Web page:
The Court focused on the fact that GPS devices do not seize property.  Instead, they create data.  The court went on and focused on the definition of property, specifically documents, and search warrants.

Wis. Stat. 968.13 provides “A search warrant may authorize the seizure of the following…(d) Documents which may constitute evidence of any crime, if probable cause is shown that the documents are under the control of a person who is reasonably suspected to be concerned in the commission of that crime…” “Documents” are further defined as including but not limited to “books, papers, records, recordings, tapes, photographs, films or computer or electronic data.”


Court holding

The court held the information generated from a GPS device is not “property” that can be “seized” at the time the warrant is issued and further is not “property” that is under the control of the defendant.

Under the court’s interpretation, a warrant for a GPS device is not a “search warrant” under the statutory definition and must then comply with the Fourth Amendment to be valid. The result here is clear: courts have inherent authority to issue warrants for GPS devices.


What does this all mean?

We live in a world with rapid technological advancement’s seemingly occurring daily.  These advancements stick courts and legislatures in a constant game of tug of war.  On one side we have the statutory language created by the legislature. On the other side courts interpret the meaning of the statutory language. GPS devices weren’t considered when Wis. Stat. 968.12 and 968.13 were created. However, as the world changes, so too does the law and our interpretations of the langue used in the law.

What does this all mean? The Supreme Court of Wisconsin held that police warrants to install GPS devices were not “search warrants” and thus governed by the Fourth Amendment. This places inherent authority on the judges to grant these warrants. Judges are the ones who get to decide whether police can place a GPS device on your car. Statutory requirements that safeguard “search warrants” do not apply to warrants for GPS devices.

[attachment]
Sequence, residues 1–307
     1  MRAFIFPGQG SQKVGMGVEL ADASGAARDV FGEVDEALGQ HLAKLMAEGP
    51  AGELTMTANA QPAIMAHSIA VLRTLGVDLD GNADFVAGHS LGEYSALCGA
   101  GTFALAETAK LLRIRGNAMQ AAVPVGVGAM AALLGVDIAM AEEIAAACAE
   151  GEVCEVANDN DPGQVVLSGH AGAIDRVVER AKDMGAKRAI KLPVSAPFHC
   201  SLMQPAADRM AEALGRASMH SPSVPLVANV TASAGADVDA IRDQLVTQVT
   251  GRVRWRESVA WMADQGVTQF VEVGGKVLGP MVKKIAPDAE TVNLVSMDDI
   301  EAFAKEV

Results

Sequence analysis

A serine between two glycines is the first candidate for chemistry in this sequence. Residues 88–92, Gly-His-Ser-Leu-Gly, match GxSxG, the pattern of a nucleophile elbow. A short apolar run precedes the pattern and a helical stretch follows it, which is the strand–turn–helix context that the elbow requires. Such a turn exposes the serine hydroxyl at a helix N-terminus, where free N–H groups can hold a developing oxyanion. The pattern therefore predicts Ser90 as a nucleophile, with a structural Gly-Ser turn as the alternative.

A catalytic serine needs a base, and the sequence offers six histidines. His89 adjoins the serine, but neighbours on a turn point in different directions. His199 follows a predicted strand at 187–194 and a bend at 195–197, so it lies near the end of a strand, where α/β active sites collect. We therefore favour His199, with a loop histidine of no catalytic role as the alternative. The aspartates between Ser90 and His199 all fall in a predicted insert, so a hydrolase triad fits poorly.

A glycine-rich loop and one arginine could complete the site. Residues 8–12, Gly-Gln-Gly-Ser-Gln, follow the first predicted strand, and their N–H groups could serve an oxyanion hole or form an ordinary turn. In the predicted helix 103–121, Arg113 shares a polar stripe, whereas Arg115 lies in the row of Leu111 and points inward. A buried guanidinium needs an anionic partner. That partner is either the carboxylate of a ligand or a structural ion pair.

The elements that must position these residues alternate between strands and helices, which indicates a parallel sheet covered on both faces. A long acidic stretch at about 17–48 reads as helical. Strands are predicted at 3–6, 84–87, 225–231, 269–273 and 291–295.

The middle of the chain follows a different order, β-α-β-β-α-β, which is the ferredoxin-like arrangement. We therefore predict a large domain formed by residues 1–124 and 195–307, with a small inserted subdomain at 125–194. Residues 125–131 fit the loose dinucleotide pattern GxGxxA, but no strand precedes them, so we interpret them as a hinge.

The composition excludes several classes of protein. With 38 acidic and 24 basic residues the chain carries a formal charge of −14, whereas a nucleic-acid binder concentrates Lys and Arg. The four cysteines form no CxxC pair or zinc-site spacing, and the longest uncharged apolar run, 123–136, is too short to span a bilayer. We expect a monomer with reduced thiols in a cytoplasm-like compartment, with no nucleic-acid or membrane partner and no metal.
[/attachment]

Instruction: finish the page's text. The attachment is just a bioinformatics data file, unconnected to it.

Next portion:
Why should we care?

Why should we care? We should care because these warrants for GPS devices are “search warrants” and should be considered so by the courts. Police must follow statutory requirements for “search warrants” when obtaining a warrant for a GPS device. This is necessary to protect the privacy of each and every citizen in our community. GPS devices are capable of providing “electronic data” of each and everyone of your movements. Your current location, where you travel, and where you spend your time, are all part “electronic data.”  Electronic data is what’s made available to police. This private information needs to remain private unless absolutely necessary. Rulings like this chip away at this privacy.


Contact the criminal defense lawyers at Meyer Van Severen, S.C.

The criminal defense attorneys at Meyer Van Severen, S.C. have successfully handled search warrant cases throughout the State of Wisconsin. If you’ve been accused of committing a crime involving a search warrant used to search your home, car or have used a GPS device to trace your vehicle, it’s important to get someone on your side immediately. Contact Meyer Van Severen, S.C. at (414) 270-0202 to speak with an attorney.

Attorney Matt Last